The answer is yes, you can lay new roof shingles over old ones. … You can’t do it with wood or slate, for example, and you should never mix materials, such as laying asphalt shingles over cedar shakes. Also, the old roofing has to be in pretty good condition.
Should you remove old shingles before installing new shingles?
While a repair job can often be more convenient and somewhat more cost-efficient, placing new shingles over old ones is never a good idea. Whether repairing one section of roof, or a replacing a whole one, it’s always best to pull up the old shingles before putting down the new ones.
Is it OK to put shingles on top of shingles?
You might be able to lay new shingles over existing shingles and avoid the cost of tear-off. … Some roofers install a layer of waterproof shingle underlayment (WSU) over the existing shingles at the eave end, as would be done for a roof laid on bare sheathing. This provides added protection against ice dams.
Is it OK to put a second layer of shingles on a roof?
“Can I put a second layer of shingles on my roof?” You can, but you probably shouldn’t! Known as a layover, putting a second layer of shingles on your roof is in most cases inadvisable and a job that Proven Roofing is likely to even turn down.
Can you put plywood over old shingles?
The new plywood will have to be nailed to the rafters or roof trusses. … But, with the old plywood left in place, it will be considerably more difficult to locate the rafters to ensure proper nail placement.
Can you put a metal roof over shingles?
In almost every case, the answer is yes, you can lay down a new metal roof over an existing shingle roof. This is one of the many reasons metal roofs keep growing in popularity – their installation doesn’t require completely tearing off the existing roof, which is a time-consuming and expensive job.
Will black shingles make house hotter?
Black and dark-colored roofs.
In general, dark-colored roofing materials will absorb the heat and cause your attic and/or the top of your house to be warmer than a lighter colored material.
Does flashing go over or under shingles?
Instead of installing the step flashing between shingles, the flashing rests on top of the shingles. It’s not unusual to see sealant installed when sidewall flashing is missing. Sealant will eventually dry, shrink and crack. You’ll see sealant substituted for flashing in a lot of different areas on roofs.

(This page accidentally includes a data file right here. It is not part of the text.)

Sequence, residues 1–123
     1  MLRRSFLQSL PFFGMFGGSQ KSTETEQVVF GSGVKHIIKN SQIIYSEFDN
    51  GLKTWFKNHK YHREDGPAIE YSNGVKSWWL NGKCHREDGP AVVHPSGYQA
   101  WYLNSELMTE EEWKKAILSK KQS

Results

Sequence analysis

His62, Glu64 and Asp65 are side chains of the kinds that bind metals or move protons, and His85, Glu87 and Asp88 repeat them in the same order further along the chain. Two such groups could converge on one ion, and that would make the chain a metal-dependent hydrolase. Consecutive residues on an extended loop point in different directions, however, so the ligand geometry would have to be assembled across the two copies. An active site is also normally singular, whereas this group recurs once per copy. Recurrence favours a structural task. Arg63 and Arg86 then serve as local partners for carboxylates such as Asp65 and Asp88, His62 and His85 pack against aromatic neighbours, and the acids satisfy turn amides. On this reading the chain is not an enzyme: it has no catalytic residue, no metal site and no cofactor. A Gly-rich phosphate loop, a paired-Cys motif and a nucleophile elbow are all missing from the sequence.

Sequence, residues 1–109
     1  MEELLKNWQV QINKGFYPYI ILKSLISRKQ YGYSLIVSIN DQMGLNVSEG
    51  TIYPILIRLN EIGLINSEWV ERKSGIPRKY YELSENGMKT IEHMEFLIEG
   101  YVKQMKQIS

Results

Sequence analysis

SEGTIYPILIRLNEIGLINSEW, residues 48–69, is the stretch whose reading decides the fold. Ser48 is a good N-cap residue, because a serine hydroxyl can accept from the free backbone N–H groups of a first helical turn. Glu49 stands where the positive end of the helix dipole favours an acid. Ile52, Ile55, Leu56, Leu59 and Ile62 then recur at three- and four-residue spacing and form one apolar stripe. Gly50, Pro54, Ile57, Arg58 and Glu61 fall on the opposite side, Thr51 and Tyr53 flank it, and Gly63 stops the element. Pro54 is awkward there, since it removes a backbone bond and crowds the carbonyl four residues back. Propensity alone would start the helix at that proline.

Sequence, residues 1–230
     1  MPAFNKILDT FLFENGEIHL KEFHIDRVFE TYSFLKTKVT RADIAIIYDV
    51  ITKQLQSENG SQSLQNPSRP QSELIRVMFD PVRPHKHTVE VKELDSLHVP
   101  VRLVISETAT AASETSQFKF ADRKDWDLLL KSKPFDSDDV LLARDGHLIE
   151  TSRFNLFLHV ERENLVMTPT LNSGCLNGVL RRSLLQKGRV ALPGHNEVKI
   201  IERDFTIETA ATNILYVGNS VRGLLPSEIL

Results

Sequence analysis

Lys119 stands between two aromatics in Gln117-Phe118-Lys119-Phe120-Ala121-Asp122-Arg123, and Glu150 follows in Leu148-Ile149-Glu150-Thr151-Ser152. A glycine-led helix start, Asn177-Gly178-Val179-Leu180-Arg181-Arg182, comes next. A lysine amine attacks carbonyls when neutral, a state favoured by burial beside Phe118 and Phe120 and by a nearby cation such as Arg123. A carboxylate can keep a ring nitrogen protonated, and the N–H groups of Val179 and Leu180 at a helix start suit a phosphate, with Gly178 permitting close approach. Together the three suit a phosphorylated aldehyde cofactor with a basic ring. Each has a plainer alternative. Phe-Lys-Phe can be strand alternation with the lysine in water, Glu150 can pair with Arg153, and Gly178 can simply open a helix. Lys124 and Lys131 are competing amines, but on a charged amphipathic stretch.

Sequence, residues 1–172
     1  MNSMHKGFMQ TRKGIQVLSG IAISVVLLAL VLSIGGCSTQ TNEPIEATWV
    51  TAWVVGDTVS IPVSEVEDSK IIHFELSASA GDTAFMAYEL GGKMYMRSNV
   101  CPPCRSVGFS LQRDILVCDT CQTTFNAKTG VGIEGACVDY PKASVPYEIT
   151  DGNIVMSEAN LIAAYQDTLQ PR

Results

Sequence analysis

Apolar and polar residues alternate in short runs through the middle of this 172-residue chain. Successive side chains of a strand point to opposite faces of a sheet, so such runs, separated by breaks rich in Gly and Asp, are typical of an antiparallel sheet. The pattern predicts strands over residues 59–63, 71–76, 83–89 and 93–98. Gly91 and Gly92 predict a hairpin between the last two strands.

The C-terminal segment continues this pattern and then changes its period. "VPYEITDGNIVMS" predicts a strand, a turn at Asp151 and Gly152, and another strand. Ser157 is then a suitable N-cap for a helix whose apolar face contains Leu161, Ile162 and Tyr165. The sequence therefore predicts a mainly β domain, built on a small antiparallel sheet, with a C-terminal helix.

What goes under roofing shingles?
Sometimes called roofing felt underlayment, roofing tar paper, or roll roofing, this is a layer of protection installed between the roof deck and the roofing shingles.
How many bundles of shingles do I need for 2000 square feet?
The number of bundles or squares you need will depend on the surface area of your roof, and its pitch or slope. For example, a 2,000 square foot roof will require 20 squares or 60 bundles. A professional will likely purchase slightly more materials than necessary to ensure there is extra material if needed.
How many times can you shingle over a roof?
Depending on the type of roof material used, the number of layers added to a roof range from two to three times. House roofs should never exceed three layers of shingles. Adding additional layers without excavation can save homeowners up to $1,000 in labor.
Is it better to tear off old shingles?
Why Tear-Offs are Almost Always Necessary
In most cases, more than two layers of roofing shingles does require a tear-off. Laying new shingles over old shingles is easily prone to leaks and reduces the life of the new shingles. This alone ought to be reason enough to do a tear-off; it’s just a bad value not to.
How much does it cost to put a second layer of shingles on a roof?
ft. The cost per square depends on the type of shingles and the brand. They generally range between $55 on the low end and $600 on the high end, with an average of $100 to $250 per square of architectural shingles. The roofing labor cost per square is $100 to $250.
Can you patch a roof instead of replacing it?
Putting off needed repairs might save you money in the short-term, but it will end up costing you a lot more in the long run. … For example, it’s sometimes possible — and entirely acceptable — to repair a roof rather than replace it.